have four children, who are now all in their teens, our third child, has multiple food and environmental allergies.
He was born a respectable weight, and displayed the three main symptoms of food allergy before he was three months old. However, the medical profession’s understanding of allergy at the time of his birth 15years ago was patchy or totally unaware at best. That is still true for some today, depending on a GP’s and health visitors experience with patients with allergy.
The three main symptoms of an allergic infant, who is fully breastfed and under three months are, eczema, poor sleep pattern, and poor /slow weight gain.
My son was fully breastfed, he had very dry skin ten days after birth, and by day fifteen we came home from boots the chemist with two carrier bags after being diagnosed with eczema.
He was unable to sleep, and as my eldest child had colic I thought that he had it as well, showing all the signs of tummy ache that small babies often have.
However, he was a tired baby, who scratched at his skin, and as the time went by, he slept for twenty minutes a day, and about two separate hours a night. He never slept for the four solid hours that most new born babies do. Of course sleep and weight gain in infants is linked, and although breastfeeding was going well, I was at a loss to understand his slow progress. At the time I had one son in afternoon nursery and a second son in morning pre-school. I was to put it mildly, rather tired!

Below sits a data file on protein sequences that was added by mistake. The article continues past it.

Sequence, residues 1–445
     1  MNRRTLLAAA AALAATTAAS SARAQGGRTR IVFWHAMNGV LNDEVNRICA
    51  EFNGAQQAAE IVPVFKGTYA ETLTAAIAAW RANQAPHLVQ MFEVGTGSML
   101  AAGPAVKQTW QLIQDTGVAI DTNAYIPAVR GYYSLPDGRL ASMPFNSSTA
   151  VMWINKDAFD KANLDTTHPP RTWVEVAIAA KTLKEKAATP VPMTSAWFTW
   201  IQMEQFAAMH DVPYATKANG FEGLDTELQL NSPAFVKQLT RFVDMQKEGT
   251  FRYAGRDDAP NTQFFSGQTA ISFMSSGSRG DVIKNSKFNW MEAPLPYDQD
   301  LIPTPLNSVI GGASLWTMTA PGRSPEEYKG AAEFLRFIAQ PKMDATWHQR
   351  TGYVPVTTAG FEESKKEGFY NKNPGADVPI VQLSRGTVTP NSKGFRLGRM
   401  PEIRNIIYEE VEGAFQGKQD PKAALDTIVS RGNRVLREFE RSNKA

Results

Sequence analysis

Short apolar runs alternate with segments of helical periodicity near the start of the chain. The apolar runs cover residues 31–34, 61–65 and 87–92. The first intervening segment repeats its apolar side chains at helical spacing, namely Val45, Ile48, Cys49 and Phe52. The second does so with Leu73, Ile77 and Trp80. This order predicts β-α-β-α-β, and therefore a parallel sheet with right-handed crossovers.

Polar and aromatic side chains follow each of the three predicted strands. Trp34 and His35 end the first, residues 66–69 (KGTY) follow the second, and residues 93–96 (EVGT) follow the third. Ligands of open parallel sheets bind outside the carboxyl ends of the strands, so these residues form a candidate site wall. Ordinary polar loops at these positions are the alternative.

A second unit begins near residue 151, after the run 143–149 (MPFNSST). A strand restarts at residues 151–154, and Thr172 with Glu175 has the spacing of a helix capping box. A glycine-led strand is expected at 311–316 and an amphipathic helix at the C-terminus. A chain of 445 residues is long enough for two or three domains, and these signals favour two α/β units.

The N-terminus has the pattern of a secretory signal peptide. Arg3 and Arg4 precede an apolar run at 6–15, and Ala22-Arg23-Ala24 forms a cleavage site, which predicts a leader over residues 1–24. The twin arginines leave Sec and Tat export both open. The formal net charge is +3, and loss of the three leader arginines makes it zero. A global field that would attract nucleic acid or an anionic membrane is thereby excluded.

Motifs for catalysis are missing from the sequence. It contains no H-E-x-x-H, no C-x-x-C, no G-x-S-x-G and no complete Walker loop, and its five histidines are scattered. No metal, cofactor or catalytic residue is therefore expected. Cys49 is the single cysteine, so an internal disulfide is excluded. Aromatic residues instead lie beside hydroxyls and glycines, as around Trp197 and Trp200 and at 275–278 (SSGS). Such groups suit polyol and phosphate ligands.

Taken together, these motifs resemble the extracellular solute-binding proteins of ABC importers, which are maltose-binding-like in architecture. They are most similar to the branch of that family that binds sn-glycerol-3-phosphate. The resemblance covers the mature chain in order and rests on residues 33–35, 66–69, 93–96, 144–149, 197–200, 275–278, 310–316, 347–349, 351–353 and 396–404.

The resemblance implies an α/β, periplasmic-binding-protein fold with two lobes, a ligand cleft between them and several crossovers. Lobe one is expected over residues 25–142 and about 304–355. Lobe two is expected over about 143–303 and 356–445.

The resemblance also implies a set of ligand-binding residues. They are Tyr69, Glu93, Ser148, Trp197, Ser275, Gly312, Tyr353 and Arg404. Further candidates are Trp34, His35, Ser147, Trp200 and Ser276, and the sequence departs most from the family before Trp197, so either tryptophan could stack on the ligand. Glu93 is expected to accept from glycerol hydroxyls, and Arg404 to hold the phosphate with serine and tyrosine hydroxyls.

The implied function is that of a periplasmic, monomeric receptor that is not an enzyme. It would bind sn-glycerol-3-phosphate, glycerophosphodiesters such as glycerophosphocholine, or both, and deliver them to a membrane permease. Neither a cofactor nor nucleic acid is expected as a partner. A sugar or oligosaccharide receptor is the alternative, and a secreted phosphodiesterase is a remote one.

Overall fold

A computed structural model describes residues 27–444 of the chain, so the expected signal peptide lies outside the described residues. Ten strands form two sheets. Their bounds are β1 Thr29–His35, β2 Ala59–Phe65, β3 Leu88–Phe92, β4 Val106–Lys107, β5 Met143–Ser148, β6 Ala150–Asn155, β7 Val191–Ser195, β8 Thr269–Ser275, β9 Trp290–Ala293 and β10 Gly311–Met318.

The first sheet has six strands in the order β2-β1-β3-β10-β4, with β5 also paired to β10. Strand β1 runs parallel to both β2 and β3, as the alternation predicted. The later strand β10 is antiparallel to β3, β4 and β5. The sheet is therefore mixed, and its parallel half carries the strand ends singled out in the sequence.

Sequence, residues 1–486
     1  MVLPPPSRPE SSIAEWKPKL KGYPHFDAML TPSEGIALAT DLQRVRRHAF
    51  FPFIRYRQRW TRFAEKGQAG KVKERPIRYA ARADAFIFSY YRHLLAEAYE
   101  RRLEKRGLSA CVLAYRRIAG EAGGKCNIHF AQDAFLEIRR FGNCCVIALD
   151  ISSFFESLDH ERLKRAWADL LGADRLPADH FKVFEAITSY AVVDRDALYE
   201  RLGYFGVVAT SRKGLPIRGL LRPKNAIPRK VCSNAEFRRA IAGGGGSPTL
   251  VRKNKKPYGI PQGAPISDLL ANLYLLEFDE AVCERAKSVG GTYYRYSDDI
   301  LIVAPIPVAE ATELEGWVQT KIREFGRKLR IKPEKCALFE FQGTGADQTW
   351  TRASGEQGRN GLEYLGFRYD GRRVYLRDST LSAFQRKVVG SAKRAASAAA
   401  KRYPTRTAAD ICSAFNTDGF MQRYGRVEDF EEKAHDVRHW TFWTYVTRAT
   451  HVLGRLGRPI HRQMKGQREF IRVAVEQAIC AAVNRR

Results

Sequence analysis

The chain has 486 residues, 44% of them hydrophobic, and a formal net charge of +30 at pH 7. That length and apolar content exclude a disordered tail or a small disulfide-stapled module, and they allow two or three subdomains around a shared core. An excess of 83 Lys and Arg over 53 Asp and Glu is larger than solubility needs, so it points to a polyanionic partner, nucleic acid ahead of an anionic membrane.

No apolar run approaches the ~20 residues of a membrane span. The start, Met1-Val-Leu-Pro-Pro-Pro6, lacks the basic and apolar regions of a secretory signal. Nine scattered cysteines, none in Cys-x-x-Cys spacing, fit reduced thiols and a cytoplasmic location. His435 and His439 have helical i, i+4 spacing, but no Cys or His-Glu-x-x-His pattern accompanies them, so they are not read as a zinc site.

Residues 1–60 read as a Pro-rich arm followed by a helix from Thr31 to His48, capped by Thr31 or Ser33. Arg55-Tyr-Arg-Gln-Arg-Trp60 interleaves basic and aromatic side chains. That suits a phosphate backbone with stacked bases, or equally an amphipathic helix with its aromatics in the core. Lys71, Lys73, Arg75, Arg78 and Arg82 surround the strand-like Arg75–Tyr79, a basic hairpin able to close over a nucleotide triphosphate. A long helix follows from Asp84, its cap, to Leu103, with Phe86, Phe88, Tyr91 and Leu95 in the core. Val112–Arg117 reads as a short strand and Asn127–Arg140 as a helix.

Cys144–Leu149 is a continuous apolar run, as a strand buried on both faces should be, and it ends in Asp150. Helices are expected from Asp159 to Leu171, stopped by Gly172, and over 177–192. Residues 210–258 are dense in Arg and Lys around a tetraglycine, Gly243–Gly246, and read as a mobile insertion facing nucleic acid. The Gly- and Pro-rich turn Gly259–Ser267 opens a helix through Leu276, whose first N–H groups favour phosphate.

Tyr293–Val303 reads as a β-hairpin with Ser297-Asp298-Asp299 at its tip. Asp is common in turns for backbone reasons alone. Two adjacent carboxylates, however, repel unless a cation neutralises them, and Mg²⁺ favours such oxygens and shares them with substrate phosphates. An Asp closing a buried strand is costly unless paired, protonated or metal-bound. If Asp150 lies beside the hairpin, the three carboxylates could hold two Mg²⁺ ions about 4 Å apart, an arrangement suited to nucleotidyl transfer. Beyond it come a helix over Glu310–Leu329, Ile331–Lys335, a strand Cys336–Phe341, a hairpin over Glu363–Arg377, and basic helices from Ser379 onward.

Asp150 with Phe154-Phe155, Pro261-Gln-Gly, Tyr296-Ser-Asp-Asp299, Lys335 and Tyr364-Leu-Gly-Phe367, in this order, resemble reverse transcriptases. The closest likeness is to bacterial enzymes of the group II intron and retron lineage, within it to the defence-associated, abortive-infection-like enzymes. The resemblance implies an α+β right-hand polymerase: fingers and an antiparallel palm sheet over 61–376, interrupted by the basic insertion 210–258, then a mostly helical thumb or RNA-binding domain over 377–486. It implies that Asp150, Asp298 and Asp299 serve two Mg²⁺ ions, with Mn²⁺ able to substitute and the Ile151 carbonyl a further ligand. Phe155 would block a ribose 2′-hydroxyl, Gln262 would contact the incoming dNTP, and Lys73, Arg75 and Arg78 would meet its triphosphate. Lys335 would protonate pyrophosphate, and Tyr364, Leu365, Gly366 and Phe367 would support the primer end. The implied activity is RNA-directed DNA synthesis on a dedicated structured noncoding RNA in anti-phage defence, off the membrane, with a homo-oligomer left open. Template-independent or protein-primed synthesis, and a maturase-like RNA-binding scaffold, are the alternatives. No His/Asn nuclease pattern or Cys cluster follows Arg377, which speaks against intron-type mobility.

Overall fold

Doctors and health visitors put everything down to the eczema and I concentrated on that, learning all I could about the routines, and how to apply the creams to stop the itch scratch cycle, and keep him cool and soothed. However, I think I knew something was wrong, the months passed, and the ‘colic’ didn’t disappear, still screaming at night and day by 5 months.
By 7 months a health visitor and doctor asked me to keep a diary of the times he woke up during the night. By that stage if I got up past 8 times in one night I classed that as a bad night. They seemed shocked, and suggested I try a sleep clinic.
I was on my knees with exhaustion and so we went. I was persuaded to try the controlled sleep method, something I had tried with my eldest and it did work very well for him. However, a child covered in eczema cries, gets hot, and starts itching, and the longer they cry the hotter they get and the more painful it is for them. I had to use cotton wool and warm water to remove his cot sheet from his bloodied face and neck. The resulting eczema flare up compounded my guilt. My eczema routine was all body moisturising about 5 times a day, with flare ups going up to 8 times or more.